• Congressman Garrett (VA-R)

  • Gov. Chris Christy (NJ-R)

  • Colorado 2012

  • California Field Work, Prop 19

Salt Lake City Tribune editorial for May 13

Lawman’s blues

Few dare tell the truth about drugs

“You ask any DEA man, he’ll say, ‘There’s nothing we can do.’” — Glenn Frey, “Smuggler’s Blues”

Imagine a world where doctors were the only people who were not allowed to offer their opinions on medicine. Or where what farmers thought about agriculture was left unsaid for fear of public disapproval.

That, more or less, is the situation for law enforcement officers when it comes to any real conversation about how the United States deals with the problems associated with drug abuse. The ones who know from personal, and sometimes heart-breaking, experience just how futile the whole sad enterprise is are the ones who dare not speak out for fear of being seen as soft on crime.

There are, luckily, exceptions. One of them rode through Salt Lake City the other day, on his bicycle and on a lonely mission to show the American people just how wrong we are to continue to insist on taking a law enforcement hammer to a public health nail.

Howard Wooldridge is a retired Michigan police officer and a co-founder of the national organization Law Enforcement Against Prohibition (www.leap.cc). As he explained to The Salt Lake Tribune the other day — and to many others along his ride from Oregon to Georgia — the problems we associate with drug use are not caused by users.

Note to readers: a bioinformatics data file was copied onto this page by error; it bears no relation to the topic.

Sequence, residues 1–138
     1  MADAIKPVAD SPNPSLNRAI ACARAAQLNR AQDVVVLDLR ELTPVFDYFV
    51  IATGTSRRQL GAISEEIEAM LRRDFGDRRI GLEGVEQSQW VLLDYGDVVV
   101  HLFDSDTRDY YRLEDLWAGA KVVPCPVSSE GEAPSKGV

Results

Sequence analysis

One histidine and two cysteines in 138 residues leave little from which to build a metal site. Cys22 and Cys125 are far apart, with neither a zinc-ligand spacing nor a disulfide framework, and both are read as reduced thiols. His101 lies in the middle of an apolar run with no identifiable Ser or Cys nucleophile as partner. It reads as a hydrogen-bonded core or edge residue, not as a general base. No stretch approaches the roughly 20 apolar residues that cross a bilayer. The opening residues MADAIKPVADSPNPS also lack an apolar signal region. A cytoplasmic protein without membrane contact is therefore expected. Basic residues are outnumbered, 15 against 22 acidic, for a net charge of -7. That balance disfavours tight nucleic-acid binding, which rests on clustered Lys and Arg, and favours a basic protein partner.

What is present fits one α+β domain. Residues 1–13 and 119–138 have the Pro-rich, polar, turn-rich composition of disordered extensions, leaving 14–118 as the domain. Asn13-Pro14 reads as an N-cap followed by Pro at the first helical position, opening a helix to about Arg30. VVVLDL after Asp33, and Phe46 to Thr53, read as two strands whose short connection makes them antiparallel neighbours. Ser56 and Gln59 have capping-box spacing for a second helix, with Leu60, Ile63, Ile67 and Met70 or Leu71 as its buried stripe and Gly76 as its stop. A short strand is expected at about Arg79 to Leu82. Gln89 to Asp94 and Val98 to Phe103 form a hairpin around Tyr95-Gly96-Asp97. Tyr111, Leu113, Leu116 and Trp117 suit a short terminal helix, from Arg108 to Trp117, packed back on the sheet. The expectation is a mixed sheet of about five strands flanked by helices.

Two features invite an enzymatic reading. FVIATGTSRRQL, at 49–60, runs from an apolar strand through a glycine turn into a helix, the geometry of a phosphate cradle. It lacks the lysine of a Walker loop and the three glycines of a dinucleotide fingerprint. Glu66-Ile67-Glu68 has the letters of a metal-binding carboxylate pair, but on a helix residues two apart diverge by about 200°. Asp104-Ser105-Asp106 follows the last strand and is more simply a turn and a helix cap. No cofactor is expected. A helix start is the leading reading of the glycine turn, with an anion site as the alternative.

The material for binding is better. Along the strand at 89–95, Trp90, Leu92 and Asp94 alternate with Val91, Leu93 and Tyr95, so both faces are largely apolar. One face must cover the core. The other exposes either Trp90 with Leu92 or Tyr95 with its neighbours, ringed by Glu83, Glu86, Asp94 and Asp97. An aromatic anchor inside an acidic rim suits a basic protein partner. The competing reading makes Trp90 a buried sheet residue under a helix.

They are caused by the laws, law enforcement officers, judges and, mostly, craven politicians who dare not see or tell the truth about how the ongoing prohibition of drugs is nearly as destructive and just as futile as was the prohibition of alcohol early in the last century.

LEAP favors the legalization, regulation and taxation of now-illegal drugs, along the same model as alcohol and tobacco. That may be too drastic for our culture to embrace all in one go. But even moving toward a decriminalization approach, which stresses education and treatment over arrest and incarceration, would be a huge improvement.

Alcohol and tobacco, of course, create a long list of serious social and health problems. But heavily armed drug lords and the destruction of civil society in parts of Mexico, clogged courts and packed prisons in the United States and street violence of the kind that claimed the life of an Ogden police officer only a few months ago are not among them..

If we took the undeniably huge problem of drug abuse away from the police and gave it to the doctors, where it by all logic and humanity belongs, we could save billions in law enforcement costs, spend millions on treatment, and take a huge step toward real national sobriety.

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